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Women in Kentucky

Women in Kentucky

Copyright Date: 1979
Edition: 1
Pages: 146
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  • Book Info
    Women in Kentucky
    Book Description:

    In more than two hundred years of statehood, most Kentucky women have been invisible to history. Yet from the first settlement, women have been prominent contributors to Kentucky history and culture.Women in Kentuckytells the stories of the ordinary women of lonely frontier farms, the women both black and white whose lives were shaped by slavery, and the laboring women of the factories and shops in rising urban centers. Helen Deiss Irvin also profiles the exceptional Kentucky women whose lives became more visible: abolitionist Delia Webster, suffragists Laura Clay and Madeline McDowell Breckinridge, philanthropists Mary Breckinridge and Linda Neville, reformer Carry Nation, scholar and educator Sophonisba Breckinridge, and physician Louise Gilman Hutchins.Women in Kentuckycasts a new light on the active and full participation of women in Kentucky's long and storied history.

    eISBN: 978-0-8131-5065-9
    Subjects: Sociology, History

Table of Contents

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  1. Front Matter
    (pp. i-iv)
  2. Table of Contents
    (pp. v-vi)
  3. Preface
    (pp. vii-viii)
  4. Acknowledgments
    (pp. ix-x)
    (pp. 1-17)

    Although women settlers came to Kentucky to stay in 1775, they are usually ignored in histories, as if they were invisible or their lives of little interest. They may be depicted, if at all, as passive and fearful. By these timid qualities they are defined as harbingers of a more “refined civilization”—in contrast to that of the Indians who used Kentucky as a hunting ground. But to learn of a woman migrant on horseback fording a swift river, one child in her arms and one hanging on behind her, to find other women improvising a substitute for flax, defending...

    (pp. 18-30)

    Women had lived among the ancient, vanished peoples whose bones and possessions were turned up by plows when Kentucky became farmlands. And although by the time settlers arrived, Kentucky was not a permanent home for Indians, nevertheless Cherokee, Shawnee, Wyandot, Chickasaw and others, men and women, crossed the future state, hunting and traveling, and living there from time to time.

    Of the Indian women, accounts vary and are often inconsistent. Some find them praiseworthy. According to Arnow, unlike the wives of white settlers, Indian women were represented in their councils. When Richard Henderson traded goods for lands that the Cherokee...

    (pp. 31-47)

    In a remarkably short time—ten to twenty years—the Kentucky frontier vanished. Forts and settlements with their scattering of log cabins were gone, replaced by busy towns with handsome brick houses. Gone, too, were frontier simplicity and egalitarianism. At the upper levels of a newly stratified society, the role of women was changing. The competence and resourcefulness of the frontier woman were no longer highly valued; women were now to be useless and decorative, living evidence of family financial success.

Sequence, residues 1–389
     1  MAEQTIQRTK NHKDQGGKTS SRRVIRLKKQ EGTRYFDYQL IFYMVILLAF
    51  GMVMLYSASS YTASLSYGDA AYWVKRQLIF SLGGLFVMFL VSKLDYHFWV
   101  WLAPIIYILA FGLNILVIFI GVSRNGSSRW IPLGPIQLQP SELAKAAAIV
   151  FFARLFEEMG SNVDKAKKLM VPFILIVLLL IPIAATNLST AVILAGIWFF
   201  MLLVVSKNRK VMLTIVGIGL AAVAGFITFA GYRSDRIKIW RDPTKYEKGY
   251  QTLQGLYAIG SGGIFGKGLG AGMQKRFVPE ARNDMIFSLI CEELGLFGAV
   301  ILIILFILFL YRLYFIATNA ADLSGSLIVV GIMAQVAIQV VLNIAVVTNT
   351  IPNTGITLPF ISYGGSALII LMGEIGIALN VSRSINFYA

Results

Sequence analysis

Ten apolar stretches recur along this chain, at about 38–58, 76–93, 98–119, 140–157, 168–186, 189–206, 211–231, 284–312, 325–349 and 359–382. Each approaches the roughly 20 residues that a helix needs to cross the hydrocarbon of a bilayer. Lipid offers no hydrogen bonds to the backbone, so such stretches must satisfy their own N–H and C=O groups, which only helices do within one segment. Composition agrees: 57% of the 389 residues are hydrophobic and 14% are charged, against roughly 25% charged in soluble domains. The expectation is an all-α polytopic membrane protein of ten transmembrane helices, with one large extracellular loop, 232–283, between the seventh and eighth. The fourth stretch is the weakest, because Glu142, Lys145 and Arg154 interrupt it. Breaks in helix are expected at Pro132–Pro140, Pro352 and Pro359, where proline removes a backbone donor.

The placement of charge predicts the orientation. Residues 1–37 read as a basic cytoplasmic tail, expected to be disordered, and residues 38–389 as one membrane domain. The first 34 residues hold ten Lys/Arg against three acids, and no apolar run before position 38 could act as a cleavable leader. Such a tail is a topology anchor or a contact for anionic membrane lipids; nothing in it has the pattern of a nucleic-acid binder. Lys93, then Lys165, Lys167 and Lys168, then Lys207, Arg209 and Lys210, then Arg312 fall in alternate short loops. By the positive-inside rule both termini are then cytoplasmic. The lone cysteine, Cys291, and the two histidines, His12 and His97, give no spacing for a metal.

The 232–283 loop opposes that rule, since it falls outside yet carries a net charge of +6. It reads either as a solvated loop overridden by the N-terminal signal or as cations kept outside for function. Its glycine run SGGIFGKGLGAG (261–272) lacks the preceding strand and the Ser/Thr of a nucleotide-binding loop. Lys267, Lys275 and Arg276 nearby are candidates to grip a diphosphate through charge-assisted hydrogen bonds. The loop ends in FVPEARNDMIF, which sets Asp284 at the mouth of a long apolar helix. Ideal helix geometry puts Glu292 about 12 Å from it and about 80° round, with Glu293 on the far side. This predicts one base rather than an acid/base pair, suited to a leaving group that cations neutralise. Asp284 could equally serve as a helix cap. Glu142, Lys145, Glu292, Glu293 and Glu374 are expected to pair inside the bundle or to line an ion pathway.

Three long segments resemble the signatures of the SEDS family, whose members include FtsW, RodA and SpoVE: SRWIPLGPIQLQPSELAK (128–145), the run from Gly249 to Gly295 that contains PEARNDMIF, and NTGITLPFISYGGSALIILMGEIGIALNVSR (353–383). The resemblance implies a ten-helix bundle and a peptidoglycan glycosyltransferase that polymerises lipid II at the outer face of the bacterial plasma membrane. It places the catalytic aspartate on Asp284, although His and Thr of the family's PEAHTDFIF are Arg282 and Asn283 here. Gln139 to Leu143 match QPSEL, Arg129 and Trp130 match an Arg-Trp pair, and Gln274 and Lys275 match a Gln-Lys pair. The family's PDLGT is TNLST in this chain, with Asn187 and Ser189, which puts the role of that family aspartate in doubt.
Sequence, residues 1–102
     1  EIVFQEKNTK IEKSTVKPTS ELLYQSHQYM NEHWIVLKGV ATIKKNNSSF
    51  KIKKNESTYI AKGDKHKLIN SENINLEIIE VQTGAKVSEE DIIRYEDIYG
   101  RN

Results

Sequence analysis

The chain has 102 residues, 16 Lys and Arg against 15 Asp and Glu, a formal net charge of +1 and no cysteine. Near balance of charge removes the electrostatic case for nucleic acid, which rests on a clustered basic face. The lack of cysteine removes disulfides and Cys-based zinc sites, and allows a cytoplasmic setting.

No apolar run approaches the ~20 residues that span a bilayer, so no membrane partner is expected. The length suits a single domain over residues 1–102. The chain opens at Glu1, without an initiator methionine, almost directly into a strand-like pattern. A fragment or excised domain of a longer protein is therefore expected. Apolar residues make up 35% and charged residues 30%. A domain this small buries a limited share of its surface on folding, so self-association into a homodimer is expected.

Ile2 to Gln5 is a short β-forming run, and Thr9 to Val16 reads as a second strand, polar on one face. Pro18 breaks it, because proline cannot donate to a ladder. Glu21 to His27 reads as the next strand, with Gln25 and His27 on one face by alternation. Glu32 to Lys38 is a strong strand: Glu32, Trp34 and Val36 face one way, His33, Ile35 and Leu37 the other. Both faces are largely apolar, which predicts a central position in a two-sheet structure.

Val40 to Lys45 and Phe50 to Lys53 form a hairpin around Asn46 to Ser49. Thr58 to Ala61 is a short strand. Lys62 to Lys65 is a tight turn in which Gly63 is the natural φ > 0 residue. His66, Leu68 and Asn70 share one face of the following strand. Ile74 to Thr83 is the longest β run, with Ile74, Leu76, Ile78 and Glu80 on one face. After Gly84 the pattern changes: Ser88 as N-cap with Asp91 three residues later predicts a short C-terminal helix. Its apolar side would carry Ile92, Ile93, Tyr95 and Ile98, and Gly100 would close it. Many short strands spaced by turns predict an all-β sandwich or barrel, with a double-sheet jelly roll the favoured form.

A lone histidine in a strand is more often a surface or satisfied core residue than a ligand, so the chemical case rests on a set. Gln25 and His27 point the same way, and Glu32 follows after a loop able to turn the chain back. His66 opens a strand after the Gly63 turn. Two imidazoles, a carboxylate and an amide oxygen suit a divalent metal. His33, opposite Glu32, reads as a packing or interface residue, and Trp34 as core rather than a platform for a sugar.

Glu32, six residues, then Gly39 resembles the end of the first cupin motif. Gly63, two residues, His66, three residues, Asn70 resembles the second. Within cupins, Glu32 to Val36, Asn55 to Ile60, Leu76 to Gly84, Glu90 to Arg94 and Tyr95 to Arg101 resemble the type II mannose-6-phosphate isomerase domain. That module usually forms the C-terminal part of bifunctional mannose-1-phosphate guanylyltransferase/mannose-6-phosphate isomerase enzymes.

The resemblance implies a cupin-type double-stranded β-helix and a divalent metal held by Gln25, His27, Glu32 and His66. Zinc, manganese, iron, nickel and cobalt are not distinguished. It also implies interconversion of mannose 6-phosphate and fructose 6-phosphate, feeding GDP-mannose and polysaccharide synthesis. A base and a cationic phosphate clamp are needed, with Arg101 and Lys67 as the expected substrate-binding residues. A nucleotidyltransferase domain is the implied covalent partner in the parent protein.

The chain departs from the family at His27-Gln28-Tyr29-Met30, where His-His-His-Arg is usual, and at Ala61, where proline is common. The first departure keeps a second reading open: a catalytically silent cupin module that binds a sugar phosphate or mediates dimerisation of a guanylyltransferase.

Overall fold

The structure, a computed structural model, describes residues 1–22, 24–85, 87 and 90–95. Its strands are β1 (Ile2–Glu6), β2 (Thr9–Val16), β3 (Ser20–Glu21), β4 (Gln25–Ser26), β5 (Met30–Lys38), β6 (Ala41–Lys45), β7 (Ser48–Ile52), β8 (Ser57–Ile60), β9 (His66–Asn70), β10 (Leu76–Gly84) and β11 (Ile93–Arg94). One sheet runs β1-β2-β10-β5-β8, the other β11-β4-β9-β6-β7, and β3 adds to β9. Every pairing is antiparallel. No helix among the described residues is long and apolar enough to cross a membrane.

A wealthy and powerful class established itself in the new state. Their work done by slaves, they built large...

    (pp. 48-66)

    In the kentucky social hierarchy, most powerless were black women. Subject to all of the abuses of slavery, they were vulnerable to additional ones as women. It was widely known, for example, that the slave trader Lewis Robards of Lexington sold black women into prostitution—a practice in which no one intervened—and other traders operated breeding farms for southern markets. Moreover, the exploitation of black women by their owners was not unusual, as evidenced by numbers of nearly white slave children. In a world in which black women were degraded in many ways, theirs was a difficult struggle to...

    (pp. 67-88)

    Unnoticed by most Kentuckians, by the turn of the century 44,518 “females over ten years of age” were employed by Kentucky industries. Most of these women worked in Louisville, the most industrialized city in the largely agricultural state. Always paid less than men in the same occupations, women in Louisville factories earned an average of sixty-seven cents a day in 1887 and eighty-seven cents a day in 1903. In the sewing trades, wages were even lower.

    A powerless class, women workers were not only paid poorly but also exploited in other ways. Since the 1880s, men’s unions had pushed for...

    (pp. 89-128)

    In the flower-decked drawing room at “Ashland,” on the day after Kentucky ratified the women’s suffrage amendment, a receiving line greeted a large crowd of well groomed guests fortunate enough to receive a coveted invitation. The guest of honor at the venerable home of Henry Clay was none other than Emmeline Pankhurst, English militant—occasionally violent—suffrage leader, who had been beaten, stoned, egged by mobs, many times imprisoned and forcibly fed in English jails. In Mrs. Pankhurst’s long campaign of civil disobedience, she herself had smashed windows and thrown rocks, and with her encouragement her followers had burned buildings...

  11. Principal Sources
    (pp. 129-134)